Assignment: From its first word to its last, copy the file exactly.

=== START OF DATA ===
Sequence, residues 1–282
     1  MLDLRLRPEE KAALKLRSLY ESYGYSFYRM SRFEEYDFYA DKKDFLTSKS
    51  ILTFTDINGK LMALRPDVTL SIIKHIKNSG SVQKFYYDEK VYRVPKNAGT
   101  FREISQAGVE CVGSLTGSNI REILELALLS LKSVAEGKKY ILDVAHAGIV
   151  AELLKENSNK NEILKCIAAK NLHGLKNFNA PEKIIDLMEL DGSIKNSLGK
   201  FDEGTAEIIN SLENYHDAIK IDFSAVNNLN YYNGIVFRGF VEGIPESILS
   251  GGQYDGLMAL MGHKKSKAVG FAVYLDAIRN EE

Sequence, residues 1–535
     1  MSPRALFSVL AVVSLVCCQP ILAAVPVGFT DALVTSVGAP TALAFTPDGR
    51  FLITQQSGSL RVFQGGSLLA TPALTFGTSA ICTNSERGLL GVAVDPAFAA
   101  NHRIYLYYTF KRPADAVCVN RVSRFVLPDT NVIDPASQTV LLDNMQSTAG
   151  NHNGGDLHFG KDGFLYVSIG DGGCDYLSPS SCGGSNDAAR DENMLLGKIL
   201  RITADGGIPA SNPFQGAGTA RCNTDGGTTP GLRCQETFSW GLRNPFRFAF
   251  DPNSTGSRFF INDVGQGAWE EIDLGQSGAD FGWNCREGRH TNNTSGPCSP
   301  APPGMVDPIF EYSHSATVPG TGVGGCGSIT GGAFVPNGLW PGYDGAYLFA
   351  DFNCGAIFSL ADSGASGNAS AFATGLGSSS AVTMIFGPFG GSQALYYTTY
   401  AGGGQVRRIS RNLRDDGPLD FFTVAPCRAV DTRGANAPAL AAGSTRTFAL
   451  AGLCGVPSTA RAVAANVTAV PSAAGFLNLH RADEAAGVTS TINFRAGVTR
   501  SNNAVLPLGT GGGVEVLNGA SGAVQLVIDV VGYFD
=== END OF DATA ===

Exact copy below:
Sequence, residues 1–282
     1  MLDLRLRPEE KAALKLRSLY ESYGYSFYRM SRFEEYDFYA DKKDFLTSKS
    51  ILTFTDINGK LMALRPDVTL SIIKHIKNSG SVQKFYYDEK VYRVPKNAGT
   101  FREISQAGVE CVGSLTGSNI REILELALLS LKSVAEGKKY ILDVAHAGIV
   151  AELLKENSNK NEILKCIAAK NLHGLKNFNA PEKIIDLMEL DGSIKNSLGK
   201  FDEGTAEIIN SLENYHDAIK IDFSAVNNLN YYNGIVFRGF VEGIPESILS
   251  GGQYDGLMAL MGHKKSKAVG FAVYLDAIRN EE

Sequence, residues 1–535
     1  MSPRALFSVL AVVSLVCCQP ILAAVPVGFT DALVTSVGAP TALAFTPDGR
    51  FLITQQSGSL RVFQGGSLLA TPALTFGTSA ICTNSERGLL GVAVDPAFAA
   101  NHRIYLYYTF KRPADAVCVN RVSRFVLPDT NVIDPASQTV LLDNMQSTAG
   151  NHNGGDLHFG KDGFLYVSIG DGGCDYLSPS SCGGSNDAAR DENMLLGKIL
   201  RITADGGIPA SNPFQGAGTA RCNTDGGTTP GLRCQETFSW GLRNPFRFAF
   251  DPNSTGSRFF INDVGQGAWE EIDLGQSGAD FGWNCREGRH TNNTSGPCSP
   301  APPGMVDPIF EYSHSATVPG TGVGGCGSIT GGAFVPNGLW PGYDGAYLFA
   351  DFNCGAIFSL ADSGASGNAS AFATGLGSSS AVTMIFGPFG GSQALYYTTY
   401  AGGGQVRRIS RNLRDDGPLD FFTVAPCRAV DTRGANAPAL AAGSTRTFAL
   451  AGLCGVPSTA RAVAANVTAV PSAAGFLNLH RADEAAGVTS TINFRAGVTR
   501  SNNAVLPLGT GGGVEVLNGA SGAVQLVIDV VGYFD